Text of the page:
What is a healthy home?
According to the National Center for Healthy Housing, a healthy home “is designed, constructed, maintained, or rehabilitated in a manner that supports the health of residents.”
Why do I want a healthy home?
Scientific evidence links housing conditions to health outcomes. Since people spend more than half a day inside homes, the housing environment greatly influences health and well-being.
What are the health effects that can be linked to housing?
Allergies and asthma, carbon monoxide poisoning, lead poisoning, falls, fires, and injuries.
I live in a newer home. Do I need to be concerned?
Yes, every home may have unrecognized health and safety hazards, not only older homes.
How can I make my home healthy?
Follow the Seven Principles of a Healthy Home:
Dry. Clean. Pest-Free.Ventilated. Safe. Contaminant-Free. Maintained
What is lead poisoning?
Lead is a natural element found in our environment. Unlike other elements such as iron or calcium, exposure to lead can be toxic, causing organ damage or, in high levels, death.
Toxicity is measured by the amount of lead in the blood. A value known as the Blood Lead Level (BLL) describes the amount of lead in the blood. Lead poisoning in children is defined by the CDC as five micrograms of lead per deciliter of blood (5 µg/dL) or higher. Thus, a child with a BLL of five or higher is considered to have lead poisoning.
Please be aware there is no known safe BLL for lead, and a BLL below five can harm a child.
How does lead affect a child?
A young, growing child absorbs lead more easily compared to an adult. Even small amounts of lead can cause permanent damage to any organ or system in the body. Developmental delays, behavior problems, and low IQ scores may result from childhood lead poisoning.
What are the symptoms of lead poisoning?
Children with lead poisoning often do not show any symptoms and a blood lead test is the only way to confirm if a child has lead poisoning. Nevertheless, high blood lead levels can cause abdominal pain, vomiting, constipation, change in appetite, and irritability.
How do children get lead poisoning?
Children are exposed to lead in the environment in three ways:
1. Eating or mouthing lead-contaminated items
2. Breathing lead-contaminated dust
3. An expectant mother can pass lead to her unborn baby through the placenta
What are the sources of lead poisoning?
Common sources of childhood lead poisoning include lead-based paint in buildings built before 1978. If a child eats paint chips, chews on painted surfaces—such as windowsills—or breathes in lead dust from a lead-based painted home, he/she may have lead poisoning. Children may also be exposed to lead from a number of other sources.
Click here for additional items known to contain lead.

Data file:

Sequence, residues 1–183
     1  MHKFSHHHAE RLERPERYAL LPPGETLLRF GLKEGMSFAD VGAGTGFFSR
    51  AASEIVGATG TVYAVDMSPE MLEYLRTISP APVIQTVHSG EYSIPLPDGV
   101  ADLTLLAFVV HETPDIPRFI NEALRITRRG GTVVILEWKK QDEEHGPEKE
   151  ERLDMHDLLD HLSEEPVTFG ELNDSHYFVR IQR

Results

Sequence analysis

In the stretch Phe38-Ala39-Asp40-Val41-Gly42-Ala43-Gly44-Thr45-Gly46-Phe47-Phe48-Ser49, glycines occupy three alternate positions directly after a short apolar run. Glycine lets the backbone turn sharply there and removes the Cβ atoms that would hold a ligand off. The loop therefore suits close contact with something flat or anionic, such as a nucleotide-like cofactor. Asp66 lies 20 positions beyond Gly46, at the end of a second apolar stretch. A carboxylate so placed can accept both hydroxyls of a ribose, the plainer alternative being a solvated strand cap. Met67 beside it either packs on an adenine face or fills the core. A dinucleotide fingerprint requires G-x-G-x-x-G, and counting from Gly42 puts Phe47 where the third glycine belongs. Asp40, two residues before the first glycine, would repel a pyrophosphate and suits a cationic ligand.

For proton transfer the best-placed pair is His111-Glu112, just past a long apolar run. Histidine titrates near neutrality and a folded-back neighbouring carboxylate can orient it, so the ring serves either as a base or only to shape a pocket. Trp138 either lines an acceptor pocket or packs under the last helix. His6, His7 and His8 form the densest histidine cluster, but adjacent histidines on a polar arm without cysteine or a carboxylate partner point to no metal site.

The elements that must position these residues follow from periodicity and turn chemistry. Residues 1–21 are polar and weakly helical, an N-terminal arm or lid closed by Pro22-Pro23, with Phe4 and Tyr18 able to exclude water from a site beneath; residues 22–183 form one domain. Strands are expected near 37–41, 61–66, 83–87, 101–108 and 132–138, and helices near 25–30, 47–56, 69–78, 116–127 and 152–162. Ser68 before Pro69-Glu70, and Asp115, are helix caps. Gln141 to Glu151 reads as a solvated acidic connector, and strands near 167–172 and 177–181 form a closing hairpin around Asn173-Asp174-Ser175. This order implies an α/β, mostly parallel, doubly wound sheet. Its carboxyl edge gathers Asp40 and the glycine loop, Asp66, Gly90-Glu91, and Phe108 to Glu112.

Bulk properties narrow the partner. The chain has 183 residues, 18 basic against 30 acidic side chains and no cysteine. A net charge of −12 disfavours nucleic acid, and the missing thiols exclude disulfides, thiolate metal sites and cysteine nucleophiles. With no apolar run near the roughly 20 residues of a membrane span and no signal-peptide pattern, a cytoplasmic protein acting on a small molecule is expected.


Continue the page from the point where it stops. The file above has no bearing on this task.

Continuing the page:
How can I protect my child from lead poisoning?
Read these lead poisoning prevention tips.
-Ask for a blood lead test at your child’s next checkup. A blood lead test is the only way to know if your child has lead poisoning.
-Know the sources of lead and minimize your child’s exposure to them.
-Wash your child’s hands and face often, especially before meals and at bedtime.
-Give your child three healthy meals and two snacks a day.
-Feed your child foods high in iron, calcium, and vitamin C.
-Do not let your child eat or chew on non-food items—such as paint chips, dirt, windowsills, cribs, and toys (see Consumer Product Safety Commission list of toy recalls).
-Do not cook or store food in clay or ceramic pottery.
-Do not give your child home remedies such as Azarcón or Greta from foreign countries.
-Cover peeling paint and clean up paint chips around the home.
-Wet mop or wipe floors, windowsills, doors, and doorframes to reduce lead dust on wood and painted surfaces.
-Wash your child’s toys and pacifier often.
-Take off shoes before entering your home.
-If you work with lead, shower and change clothes before interacting with your child and wash work clothes separate from the family’s clothes.
Should my child be tested for lead poisoning?
YES! Blood lead testing is the only way to determine lead poisoning. If possible, every child should have a blood lead test at 12 and 24 months of age and be screened annually until age six.
Where can I have my child tested for lead poisoning?
Contact your child’s health care provider.
What is the treatment for lead poisoning?
Treatment for lead poisoning includes identification and removal of the source of lead, allowing the body to eliminate the lead naturally. In some cases, a high blood lead level requires medication to eliminate lead quicker. These medications are strong and can cause serious side effects.
How will Healthy Homes staff assist me if my child has lead poisoning?
If your child has lead poisoning:
•Our staff will assist you in identifying possible sources of lead in your child’s environment.
• Our nurse case manager may conduct a home visit to identify ways to prevent future lead exposure.
•Our staff will monitor and follow-up with you until the child’s lead blood level is no longer a concern.
As the parent or guardian:
• Follow-up with a doctor until your child’s blood lead level falls below the level of concern.